Cosigning is a common American practice. It’s often done in relation to student loans, car loans, mortgages, etc. However, it’s also possible to cosign a bail bond. Believe it or not, cosigning on a bail bond is no less common than anything else. When someone you know well and trust, such as a close friend or family member, has been arrested and taken into custody, they’re probably going to be eligible for bail. However, not everyone who is eligible for bail is able to bail themselves out.
That being said, as common as cosigning a bail bond can be, it’s often a new experience for a lot of people.
Cosigning a bail bond isn’t all that different from cosigning anything else. You agree to be held financially responsible if the person being bailed out fails to show up for all of their court dates. It’s far less expensive to bail someone out of jail using the services of a bail bondsman than it is to pay the full amount of bail – which is why bail bonds are so popular. It allows a defendant to be released from custody without having to pay the full amount of bail.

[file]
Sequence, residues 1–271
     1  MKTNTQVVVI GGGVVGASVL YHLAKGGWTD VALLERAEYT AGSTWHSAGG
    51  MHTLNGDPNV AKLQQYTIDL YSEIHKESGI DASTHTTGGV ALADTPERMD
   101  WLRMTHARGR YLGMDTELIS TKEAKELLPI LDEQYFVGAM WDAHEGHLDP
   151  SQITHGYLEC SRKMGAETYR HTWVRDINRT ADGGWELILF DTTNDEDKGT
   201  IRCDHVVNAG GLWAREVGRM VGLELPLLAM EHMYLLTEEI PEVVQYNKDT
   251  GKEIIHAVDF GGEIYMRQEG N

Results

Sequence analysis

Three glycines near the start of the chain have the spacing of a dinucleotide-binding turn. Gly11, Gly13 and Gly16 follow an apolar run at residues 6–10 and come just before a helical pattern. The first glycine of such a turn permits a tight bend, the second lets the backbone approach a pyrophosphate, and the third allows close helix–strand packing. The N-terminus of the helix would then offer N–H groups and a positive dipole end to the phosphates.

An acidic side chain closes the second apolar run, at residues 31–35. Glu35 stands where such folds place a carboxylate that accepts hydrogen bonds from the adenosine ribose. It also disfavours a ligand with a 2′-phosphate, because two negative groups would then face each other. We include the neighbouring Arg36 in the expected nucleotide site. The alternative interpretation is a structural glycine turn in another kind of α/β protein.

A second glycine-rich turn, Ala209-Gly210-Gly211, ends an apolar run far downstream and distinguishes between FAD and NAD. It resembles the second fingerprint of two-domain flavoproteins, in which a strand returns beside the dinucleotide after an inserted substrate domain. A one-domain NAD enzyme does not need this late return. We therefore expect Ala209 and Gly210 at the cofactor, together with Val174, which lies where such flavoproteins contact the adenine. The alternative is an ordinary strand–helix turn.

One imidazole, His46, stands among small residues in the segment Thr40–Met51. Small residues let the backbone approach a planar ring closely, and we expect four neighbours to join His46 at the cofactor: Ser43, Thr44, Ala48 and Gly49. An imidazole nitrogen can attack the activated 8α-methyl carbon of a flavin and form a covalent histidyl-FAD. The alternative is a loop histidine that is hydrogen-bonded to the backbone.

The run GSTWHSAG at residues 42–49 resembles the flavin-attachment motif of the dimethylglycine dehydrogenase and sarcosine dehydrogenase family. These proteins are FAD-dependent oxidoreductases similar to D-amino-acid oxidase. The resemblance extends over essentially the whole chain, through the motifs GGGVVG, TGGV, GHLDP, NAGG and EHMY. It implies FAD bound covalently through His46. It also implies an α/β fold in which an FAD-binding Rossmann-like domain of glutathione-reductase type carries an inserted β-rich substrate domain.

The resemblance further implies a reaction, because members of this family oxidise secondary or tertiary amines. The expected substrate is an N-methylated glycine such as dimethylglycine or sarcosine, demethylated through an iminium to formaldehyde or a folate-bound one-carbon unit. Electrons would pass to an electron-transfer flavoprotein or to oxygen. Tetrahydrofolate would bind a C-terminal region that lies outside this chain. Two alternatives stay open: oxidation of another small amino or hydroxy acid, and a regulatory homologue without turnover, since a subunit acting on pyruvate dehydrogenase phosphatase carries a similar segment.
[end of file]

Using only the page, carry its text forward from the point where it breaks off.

It’s only when the defendant skips bail (fails to show up for court) that the full amount of bail must be paid. That’s why it’s so important to have a trusting relationship with the defendant. You will be held financially responsible if they fail to appear.
Close friends and family usually make the safest people to cosign a bail bond for. Unfortunately, that isn’t always the case. Only you know whether or not a person can be trusted, and if you’re asked to cosign a bail bond for someone, never do it unless you’re 100% sure that they will meet all of their court-related obligations.
No matter the outcome of the court case, whether innocent or guilty, the bond will be exonerated and no additional financial responsibility will be necessary.